8 Tips to Manage Stress as a Truck Driver
Has becoming a Frontline Hero made your life more stressful?
Are you worried about being able to follow all the new safety rules? Is your customer one of the ones that had to temporarily shut down and you’re feeling stressed because you don’t know when your route will start back up? Are all the changes to your normal routine making you sad, anxious or depressed?
You’re not alone. Stress is how the brain and body respond to any demand and it affects each and every one of us. Any type of demand (driving, exercise, work, school, major life changes, traumatic events, etc.) can be stressful. While stress is a normal part of life and not all stress is bad, continued long-term stress can be harmful to our physical and mental well-being. There are as many reasons that can cause a person stress as there are people and just as we each have different things that stress us out, our symptoms can be different too.
Some signs of stress are difficulty sleeping, increased alcohol and other substance use, eating too much or too little, being easily angered, digestive problems, difficulty concentrating and making decisions, feeling fearful, fatigued or depressed. Fortunately, there are many ways to manage stress. Here are some simple ways to start:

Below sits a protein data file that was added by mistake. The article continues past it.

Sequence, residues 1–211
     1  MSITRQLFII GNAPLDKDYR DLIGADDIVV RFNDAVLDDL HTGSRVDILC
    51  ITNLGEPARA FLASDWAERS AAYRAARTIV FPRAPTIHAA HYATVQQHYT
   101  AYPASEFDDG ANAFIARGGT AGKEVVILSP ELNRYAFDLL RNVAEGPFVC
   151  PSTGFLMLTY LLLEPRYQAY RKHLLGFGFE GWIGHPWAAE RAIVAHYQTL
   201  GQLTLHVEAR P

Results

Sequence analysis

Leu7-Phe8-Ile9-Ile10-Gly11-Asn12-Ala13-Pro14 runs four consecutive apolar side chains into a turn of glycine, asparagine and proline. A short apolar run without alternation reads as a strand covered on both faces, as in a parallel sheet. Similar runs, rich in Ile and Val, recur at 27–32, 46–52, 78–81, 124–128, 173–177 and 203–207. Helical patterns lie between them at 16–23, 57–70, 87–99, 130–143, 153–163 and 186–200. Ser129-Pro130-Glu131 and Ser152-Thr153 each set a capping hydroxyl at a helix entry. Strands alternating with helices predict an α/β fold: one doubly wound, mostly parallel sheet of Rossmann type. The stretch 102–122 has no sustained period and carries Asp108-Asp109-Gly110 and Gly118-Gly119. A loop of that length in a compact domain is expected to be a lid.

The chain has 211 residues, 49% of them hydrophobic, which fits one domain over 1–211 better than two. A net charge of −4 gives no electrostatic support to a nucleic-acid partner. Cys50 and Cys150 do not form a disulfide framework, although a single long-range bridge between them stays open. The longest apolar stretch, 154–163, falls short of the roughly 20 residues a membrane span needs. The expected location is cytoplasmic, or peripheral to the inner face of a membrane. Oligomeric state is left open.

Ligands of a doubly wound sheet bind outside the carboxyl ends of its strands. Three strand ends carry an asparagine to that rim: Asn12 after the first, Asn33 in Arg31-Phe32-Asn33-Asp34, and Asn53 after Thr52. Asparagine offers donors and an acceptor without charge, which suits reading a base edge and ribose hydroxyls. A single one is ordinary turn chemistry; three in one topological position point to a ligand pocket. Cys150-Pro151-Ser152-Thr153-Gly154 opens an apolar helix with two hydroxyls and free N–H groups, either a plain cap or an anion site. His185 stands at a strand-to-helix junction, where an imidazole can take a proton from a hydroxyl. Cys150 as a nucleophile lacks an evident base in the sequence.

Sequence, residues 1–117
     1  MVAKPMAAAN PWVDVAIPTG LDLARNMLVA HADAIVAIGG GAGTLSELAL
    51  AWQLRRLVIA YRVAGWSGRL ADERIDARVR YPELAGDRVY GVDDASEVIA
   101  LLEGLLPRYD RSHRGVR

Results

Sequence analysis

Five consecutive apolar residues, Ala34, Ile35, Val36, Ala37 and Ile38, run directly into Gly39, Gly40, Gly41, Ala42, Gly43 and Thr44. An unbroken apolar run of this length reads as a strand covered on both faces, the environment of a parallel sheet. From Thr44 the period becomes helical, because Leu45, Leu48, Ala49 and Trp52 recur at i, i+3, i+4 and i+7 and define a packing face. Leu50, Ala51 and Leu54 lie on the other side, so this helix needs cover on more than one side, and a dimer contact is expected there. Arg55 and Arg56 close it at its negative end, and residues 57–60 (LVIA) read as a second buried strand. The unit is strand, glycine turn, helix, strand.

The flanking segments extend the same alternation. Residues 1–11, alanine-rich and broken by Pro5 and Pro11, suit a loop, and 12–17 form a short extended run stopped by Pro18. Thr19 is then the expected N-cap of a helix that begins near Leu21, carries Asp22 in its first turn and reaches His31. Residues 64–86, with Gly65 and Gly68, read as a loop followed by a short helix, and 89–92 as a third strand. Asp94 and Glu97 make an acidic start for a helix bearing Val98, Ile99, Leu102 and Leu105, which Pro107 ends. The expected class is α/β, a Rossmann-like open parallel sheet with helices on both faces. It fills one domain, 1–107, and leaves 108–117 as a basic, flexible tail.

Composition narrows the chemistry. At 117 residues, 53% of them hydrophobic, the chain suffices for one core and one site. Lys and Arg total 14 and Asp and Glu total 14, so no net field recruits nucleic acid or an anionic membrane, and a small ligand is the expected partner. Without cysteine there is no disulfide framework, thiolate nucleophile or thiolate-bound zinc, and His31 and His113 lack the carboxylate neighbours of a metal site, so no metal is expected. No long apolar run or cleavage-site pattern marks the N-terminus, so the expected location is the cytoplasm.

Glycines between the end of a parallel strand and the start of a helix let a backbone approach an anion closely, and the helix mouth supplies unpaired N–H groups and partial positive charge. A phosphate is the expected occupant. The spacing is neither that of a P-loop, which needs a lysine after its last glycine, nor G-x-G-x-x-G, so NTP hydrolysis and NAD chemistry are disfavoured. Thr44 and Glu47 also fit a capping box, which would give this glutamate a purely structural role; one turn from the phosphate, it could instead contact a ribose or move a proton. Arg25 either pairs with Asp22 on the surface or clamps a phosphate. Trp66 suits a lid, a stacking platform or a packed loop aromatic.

- Try to maintain a healthy diet.
- Aim for 7 to 8 hours of sleep each night.
- Exercise regularly. Did you know just 30 minutes of walking can boost your mood and reduce stress?
- Stay hydrated and minimize your use of caffeine and alcohol.
- Stay socially connected so you can get and give support. Use one of the many free video calling technology apps like FaceTime or Zoom to stay in touch with friends and family.
- Try a relaxing activity like yoga, tai chi or use meditation techniques like deep breathing.
- Don’t obsess over the news.
- Practice positivity and gratitude. Did you know taking five minutes a day to write down the things you are grateful for has been proven to lower stress levels?
Available Resources to Manage Long-Term Stress
Anyone experiencing severe or long-term, unrelenting stress can become overwhelmed. If you’re overwhelmed by stress seek help immediately by calling your doctor, a mental health professional or one of the resources below:
If you or a loved one is having thoughts of suicide, call the toll-free National Suicide Prevention Lifeline at 1-800-273-TALK (8255), available 24 hours a day, 7 days a week. The service is available to anyone. All calls are confidential. Visit suicidepreventionlifeline.org for more information.
If you or a loved one is facing mental and/or substance use disorders call SAMHSA’s National Helpline, 1-800-662-HELP (4357) or TTY: 1-800-487-4889 The service is a confidential, free, 24-hour-a-day, 365-day-a-year, information service providing referrals to local treatment facilities, support groups, and community-based organizations. Callers can also order free publications and other information.
For more safe driving tips, visit transforce.com/blog.